9 Benefits of Flaxseed & How to Eat It

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With a Latin name that translates to “very useful,” flaxseed has withstood the trials, tribulations, and digestive ails of history.

In fact, flaxseeds have been useful in solving a number of problems since the beginning of civilization. As one of the oldest crops, it was originally used as a fiber for clothing and for wrapping mummies, where it was often called by its alternate name, “linseed.”

But flaxseed’s role in history hardly stops at outerwear. Research shows flax cultivation for medicinal uses became a common practice in the Mediterranean region around 4000-2000 BC, while some claim its use dates back even further to the Neolithic Era.

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Some sources even claim that ancient Egyptians would carry flaxseeds in their medicinal pouches, and also that Hippocrates mentioned flaxseeds as an excellent cure for digestive troubles in his writings (1).


9 Flaxseed Benefits

Today, flaxseed is touted as a potent superfood, and for good reason. Below are some of the reasons you should include a dash of this powerful seed in your diet—after all, if it can preserve the dead, it just might have a few tricks up its sleeve when it comes to preserving the living.

1. Flaxseeds Have Antioxidants and Minerals

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Flaxseeds are bursting with a class of antioxidant polyphenols called lignans. The powerful seed packs up to 800 times more than other plant foods (2). These lignans protect against oxidative damage (the DNA damage resulting from environmental pollution as well as poor diets that result in aging), and have been linked to improving cardiovascular health, colon and prostate health, and even cancerous tumors (3).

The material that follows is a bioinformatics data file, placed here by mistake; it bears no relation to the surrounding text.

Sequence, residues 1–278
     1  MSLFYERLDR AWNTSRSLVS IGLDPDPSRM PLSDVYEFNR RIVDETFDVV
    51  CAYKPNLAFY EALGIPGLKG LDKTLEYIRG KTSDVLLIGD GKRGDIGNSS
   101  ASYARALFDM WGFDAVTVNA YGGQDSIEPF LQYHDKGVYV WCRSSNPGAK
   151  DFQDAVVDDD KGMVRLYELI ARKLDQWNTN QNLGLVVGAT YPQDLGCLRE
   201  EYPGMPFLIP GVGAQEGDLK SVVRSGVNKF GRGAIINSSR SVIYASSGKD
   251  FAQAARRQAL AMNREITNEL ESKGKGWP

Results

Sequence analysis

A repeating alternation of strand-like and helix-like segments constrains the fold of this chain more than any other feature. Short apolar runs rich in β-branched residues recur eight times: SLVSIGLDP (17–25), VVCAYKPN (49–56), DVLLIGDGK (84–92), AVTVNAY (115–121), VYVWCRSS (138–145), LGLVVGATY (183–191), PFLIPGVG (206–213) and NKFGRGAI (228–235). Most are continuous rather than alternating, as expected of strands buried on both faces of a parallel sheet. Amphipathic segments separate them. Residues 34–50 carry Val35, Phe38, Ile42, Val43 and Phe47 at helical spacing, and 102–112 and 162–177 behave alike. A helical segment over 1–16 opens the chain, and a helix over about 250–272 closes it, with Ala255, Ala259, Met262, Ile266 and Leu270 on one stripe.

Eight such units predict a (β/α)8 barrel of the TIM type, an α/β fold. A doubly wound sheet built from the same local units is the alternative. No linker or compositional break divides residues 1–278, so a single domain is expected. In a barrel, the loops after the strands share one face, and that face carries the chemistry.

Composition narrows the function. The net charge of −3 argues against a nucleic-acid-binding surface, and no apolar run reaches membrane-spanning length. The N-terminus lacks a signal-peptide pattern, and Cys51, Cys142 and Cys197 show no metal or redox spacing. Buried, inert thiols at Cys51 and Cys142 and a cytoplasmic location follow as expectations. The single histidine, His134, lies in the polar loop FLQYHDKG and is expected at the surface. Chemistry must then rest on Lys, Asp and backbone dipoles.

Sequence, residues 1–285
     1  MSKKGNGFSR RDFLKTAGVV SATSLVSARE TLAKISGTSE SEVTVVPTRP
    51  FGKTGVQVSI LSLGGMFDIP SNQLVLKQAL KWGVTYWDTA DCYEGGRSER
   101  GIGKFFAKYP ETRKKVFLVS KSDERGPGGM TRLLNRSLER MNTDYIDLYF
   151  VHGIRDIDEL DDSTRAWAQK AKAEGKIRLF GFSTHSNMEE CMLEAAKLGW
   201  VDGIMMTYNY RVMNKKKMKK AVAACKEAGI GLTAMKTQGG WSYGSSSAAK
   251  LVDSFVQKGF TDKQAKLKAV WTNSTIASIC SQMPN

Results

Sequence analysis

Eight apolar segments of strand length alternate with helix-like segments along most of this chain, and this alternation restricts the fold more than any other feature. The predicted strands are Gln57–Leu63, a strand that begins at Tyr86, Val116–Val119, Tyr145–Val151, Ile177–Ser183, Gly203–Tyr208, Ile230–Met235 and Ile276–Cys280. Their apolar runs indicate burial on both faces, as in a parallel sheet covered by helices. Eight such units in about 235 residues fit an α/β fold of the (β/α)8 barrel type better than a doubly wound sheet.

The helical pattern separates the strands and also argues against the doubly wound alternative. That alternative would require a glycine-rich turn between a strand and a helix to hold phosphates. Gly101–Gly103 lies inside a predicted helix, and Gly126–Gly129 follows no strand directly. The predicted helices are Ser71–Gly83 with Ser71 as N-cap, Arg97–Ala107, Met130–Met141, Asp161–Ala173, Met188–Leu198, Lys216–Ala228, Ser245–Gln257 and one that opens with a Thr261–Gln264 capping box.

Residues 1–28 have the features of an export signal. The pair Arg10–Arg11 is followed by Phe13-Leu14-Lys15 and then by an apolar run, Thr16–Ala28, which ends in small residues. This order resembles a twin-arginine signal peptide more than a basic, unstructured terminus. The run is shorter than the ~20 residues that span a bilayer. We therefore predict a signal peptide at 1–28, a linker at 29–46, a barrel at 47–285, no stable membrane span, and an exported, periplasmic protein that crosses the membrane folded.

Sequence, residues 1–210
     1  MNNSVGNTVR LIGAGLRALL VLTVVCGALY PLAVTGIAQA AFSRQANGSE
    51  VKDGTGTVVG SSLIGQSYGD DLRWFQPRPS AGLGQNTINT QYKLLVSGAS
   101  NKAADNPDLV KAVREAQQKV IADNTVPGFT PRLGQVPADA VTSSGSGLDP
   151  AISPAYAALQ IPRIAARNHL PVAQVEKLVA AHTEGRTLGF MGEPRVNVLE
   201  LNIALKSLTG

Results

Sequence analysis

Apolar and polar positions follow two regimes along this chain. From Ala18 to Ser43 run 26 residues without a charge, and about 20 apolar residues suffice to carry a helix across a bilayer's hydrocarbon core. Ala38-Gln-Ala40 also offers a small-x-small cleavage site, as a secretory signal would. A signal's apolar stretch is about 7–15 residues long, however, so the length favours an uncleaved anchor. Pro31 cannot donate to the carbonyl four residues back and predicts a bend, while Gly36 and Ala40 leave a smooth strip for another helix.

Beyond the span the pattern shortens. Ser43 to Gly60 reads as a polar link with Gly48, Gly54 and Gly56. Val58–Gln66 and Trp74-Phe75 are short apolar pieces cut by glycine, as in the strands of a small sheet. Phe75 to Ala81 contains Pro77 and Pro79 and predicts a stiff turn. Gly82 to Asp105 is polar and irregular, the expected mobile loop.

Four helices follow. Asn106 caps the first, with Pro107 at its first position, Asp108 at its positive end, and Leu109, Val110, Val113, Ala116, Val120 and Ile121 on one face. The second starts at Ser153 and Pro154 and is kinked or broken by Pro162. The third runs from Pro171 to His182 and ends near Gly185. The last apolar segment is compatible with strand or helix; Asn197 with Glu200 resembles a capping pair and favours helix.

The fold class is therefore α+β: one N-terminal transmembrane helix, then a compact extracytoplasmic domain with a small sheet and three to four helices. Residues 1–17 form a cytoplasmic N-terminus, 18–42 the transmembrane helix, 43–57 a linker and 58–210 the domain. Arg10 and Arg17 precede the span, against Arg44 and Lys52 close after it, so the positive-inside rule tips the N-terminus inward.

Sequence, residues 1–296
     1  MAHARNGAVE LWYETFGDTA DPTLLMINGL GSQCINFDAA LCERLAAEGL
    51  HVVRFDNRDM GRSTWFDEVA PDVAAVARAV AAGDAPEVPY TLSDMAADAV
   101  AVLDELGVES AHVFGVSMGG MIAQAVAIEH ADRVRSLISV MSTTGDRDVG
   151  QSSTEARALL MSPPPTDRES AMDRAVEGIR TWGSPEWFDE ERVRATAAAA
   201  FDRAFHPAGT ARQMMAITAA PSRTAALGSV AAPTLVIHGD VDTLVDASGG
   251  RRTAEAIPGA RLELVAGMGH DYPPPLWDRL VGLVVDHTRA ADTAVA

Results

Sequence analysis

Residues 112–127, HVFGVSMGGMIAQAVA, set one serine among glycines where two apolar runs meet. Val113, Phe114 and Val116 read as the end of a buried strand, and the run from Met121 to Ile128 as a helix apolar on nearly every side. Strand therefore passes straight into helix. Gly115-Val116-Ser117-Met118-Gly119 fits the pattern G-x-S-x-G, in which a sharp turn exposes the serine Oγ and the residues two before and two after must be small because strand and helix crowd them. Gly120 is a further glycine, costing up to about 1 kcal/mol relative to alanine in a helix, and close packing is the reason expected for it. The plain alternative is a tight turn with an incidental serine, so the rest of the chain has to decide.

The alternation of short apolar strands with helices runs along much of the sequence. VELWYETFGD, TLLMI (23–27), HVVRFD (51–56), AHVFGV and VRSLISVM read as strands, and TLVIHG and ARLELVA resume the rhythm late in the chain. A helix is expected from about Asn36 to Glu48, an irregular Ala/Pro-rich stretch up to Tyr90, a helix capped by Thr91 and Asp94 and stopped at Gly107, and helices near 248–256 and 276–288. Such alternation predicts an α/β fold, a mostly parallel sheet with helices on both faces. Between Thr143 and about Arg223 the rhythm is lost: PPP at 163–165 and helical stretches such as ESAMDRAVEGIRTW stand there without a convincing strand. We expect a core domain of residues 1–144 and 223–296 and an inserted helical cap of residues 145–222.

Flaxseeds have lignans, which protect against damage to your DNA.

In addition, flaxseeds also contain generous amounts of potassium, calcium, magnesium, and phosphorus, helping to fill in mineral gaps in our diets (4).

2. Flaxseeds Improve Digestion

When it comes to improving digestion, flaxseed shines as bright today as it did thousands of years ago.

Flaxseeds are rich in soluble and insoluble dietary fiber, which can help prevent constipation. They can also act as a laxative to treat constipation due to their high content of mucilage gums (a portion of soluble fiber). Interestingly, these gums become viscous, or flowing, at an optimal pH range of 6-8 (the same range as found in human intestines). This mucilage plays an important part in many laxatives, making flaxseed an excellent natural laxative choice (56).

3. Flaxseeds Fight Cancer